When the earth entered an ice age millions of years ago, Arctic ground squirrels had a problem. As the planet cooled, so too did their northern habitat. Permafrost set in and temperatures in their dens began plummeting to below -20 degrees Celsius during the winter months. In this chilly environment, burning fat stores like other hibernators just wasn’t enough for the squirrels to survive.
The solution? Hormones. In the summer months prior to hibernation, high levels of androgen, a type of anabolic steroid, allow both male and female Arctic ground squirrels to pump up their muscle mass, says Professor Rudy Boonstra, a researcher in the Department of Biological Sciences at the University of Toronto.
“Essentially, these animals are crawling into a freezer to hibernate, so they [had to evolve a way] to kick up their metabolism significantly to survive those cold temperatures,” says Boonstra. The extra muscle mass allows Arctic ground squirrels to burn both muscle and fat during hibernation.
Boonstra explains that the fat provides fuel mainly for staying warm, whereas the muscle provides the protein to produce glucose, which is required by the brain and heart when the body’s engine (metabolism) is working hard and fast at extremely cold temperatures.
The problem is that running around in a state of steroid superabundance comes with a whole set of problems, like possible heart strain, a compromised immune system and that infamous steroid-induced side effect – extreme aggressiveness (a.k.a ‘roid rage).
At least that’s the case with most animals. In a 2011 study, Boonstra noticed none of these side effects in Arctic ground squirrels … but what allowed the rodents to sidestep the perils of all this steroid exposure remained a mystery.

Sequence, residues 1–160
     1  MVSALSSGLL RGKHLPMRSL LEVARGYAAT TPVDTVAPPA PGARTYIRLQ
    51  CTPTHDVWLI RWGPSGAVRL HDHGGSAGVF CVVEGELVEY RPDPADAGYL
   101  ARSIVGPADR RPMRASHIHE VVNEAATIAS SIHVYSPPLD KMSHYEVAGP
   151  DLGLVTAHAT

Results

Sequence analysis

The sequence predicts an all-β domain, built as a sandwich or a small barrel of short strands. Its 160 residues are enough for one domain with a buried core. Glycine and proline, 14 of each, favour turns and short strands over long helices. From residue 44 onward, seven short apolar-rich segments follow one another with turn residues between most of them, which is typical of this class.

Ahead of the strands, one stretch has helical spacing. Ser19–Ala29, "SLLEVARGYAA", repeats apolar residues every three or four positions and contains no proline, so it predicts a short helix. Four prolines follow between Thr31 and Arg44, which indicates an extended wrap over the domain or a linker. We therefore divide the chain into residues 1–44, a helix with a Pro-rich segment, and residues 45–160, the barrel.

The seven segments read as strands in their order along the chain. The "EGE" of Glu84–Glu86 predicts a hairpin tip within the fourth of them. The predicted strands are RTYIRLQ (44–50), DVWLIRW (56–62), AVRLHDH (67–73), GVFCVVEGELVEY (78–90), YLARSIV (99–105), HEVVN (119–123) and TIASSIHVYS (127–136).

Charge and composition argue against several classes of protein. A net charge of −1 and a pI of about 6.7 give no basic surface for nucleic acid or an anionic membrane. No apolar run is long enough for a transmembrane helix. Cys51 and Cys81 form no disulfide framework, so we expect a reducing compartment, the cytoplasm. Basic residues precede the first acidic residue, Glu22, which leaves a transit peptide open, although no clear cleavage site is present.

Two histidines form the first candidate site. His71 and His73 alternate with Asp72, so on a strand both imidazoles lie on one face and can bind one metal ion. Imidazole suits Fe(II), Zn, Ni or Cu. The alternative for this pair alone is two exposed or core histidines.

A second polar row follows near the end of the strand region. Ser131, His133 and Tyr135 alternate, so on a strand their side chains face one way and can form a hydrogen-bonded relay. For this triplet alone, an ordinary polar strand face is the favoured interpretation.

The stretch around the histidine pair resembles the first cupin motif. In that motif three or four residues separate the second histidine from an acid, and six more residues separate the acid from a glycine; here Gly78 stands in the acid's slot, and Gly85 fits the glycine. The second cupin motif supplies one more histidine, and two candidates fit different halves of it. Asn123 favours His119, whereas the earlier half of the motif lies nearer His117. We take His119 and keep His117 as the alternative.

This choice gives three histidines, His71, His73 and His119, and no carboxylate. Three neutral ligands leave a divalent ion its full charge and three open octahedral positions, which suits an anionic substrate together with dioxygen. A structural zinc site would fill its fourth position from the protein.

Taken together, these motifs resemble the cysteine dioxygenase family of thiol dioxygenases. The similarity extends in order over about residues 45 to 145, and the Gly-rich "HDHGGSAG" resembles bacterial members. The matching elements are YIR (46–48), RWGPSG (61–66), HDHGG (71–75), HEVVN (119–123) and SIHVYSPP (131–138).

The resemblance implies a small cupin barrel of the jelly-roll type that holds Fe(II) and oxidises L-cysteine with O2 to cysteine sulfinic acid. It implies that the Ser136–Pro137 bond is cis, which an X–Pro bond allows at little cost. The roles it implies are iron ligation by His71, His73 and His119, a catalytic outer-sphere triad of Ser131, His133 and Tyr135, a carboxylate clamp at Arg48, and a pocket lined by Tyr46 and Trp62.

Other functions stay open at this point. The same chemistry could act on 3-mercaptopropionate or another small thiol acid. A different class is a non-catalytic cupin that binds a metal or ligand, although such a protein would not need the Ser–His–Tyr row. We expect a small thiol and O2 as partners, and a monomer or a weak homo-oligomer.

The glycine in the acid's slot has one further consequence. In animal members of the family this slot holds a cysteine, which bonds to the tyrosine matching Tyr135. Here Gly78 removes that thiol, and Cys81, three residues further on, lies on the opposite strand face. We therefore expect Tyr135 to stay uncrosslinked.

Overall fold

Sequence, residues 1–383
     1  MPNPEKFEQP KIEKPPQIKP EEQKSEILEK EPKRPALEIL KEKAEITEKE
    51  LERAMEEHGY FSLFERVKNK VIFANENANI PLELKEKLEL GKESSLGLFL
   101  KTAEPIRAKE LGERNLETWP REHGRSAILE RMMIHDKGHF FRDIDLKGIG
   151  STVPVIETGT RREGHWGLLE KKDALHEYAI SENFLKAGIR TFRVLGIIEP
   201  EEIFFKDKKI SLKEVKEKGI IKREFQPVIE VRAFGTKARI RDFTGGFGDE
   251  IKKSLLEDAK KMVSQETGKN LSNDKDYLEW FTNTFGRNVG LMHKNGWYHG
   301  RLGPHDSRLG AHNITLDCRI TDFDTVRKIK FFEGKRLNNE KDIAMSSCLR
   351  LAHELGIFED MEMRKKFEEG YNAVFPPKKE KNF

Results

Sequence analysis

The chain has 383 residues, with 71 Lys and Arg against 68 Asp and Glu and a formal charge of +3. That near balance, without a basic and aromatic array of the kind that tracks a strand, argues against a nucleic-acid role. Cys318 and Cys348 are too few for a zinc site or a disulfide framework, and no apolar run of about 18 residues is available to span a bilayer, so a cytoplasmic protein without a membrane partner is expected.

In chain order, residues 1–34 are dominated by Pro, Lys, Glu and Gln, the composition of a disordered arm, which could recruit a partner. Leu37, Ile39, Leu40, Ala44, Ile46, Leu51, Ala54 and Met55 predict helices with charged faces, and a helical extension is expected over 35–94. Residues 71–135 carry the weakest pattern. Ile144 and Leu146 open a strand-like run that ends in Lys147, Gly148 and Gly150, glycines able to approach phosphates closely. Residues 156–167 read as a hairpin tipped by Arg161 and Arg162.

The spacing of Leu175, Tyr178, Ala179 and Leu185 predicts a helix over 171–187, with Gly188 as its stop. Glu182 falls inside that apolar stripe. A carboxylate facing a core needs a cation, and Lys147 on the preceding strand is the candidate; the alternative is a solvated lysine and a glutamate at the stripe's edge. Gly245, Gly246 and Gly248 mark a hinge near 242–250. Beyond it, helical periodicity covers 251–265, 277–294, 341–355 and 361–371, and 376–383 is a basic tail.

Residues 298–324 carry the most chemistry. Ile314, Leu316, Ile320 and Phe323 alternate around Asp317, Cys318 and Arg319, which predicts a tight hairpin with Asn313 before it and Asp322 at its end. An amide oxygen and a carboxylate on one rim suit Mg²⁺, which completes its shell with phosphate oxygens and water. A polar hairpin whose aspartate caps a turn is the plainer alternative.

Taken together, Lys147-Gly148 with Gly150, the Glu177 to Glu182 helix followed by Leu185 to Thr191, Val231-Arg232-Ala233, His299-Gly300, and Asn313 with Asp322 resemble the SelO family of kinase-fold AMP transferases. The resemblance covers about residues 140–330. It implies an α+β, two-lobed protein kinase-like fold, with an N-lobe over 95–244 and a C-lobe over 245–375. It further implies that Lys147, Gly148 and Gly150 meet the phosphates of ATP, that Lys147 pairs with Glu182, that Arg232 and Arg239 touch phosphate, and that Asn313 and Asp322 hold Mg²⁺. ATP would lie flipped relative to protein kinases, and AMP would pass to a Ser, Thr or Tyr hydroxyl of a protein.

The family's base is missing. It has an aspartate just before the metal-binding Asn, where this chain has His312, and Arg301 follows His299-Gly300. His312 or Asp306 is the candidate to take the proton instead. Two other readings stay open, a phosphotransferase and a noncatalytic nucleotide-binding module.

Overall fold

In his latest work, he compared Arctic ground squirrels with their cousin Columbian ground squirrels – a species in which only males produce anabolic steroids (primarily testosterone) during the breeding season, when a small bravado boost is needed. For the rest of the active season when these ground squirrels are not hibernating, steroids are normally very low. Many other hibernating mammals follow this same pattern.
Both male and female Arctic ground squirrels undergo a steroid spike in the months prior to hibernation. Image:NPS Photo, Tim Rains/Flickr
But Arctic ground squirrels are an exception. During the summer prior to hibernation, anabolic steroid levels spike in both males and females.
What Boonstra found is that Arctic ground squirrels have evolved a greater number of androgen receptors in their muscle cells (four times as many as their Columbian cousins!), a nifty evolutionary trick that directs muscle-building steroids where they are needed and away from other cells (like the cells of the immune system), where high levels would be detrimental.
Thanks to this ‘receptor restructuring’, Arctic ground squirrels seem to reap the benefits – but not pay the costs – of high anabolic androgen levels in a way that we humans (and other mammals) just cannot match.
So, what is Boonstra’s advice to humans thinking about using steroids to ‘get pumped’? It’s simple: “Don’t take the bloody stuff. You are not an Arctic ground squirrel!”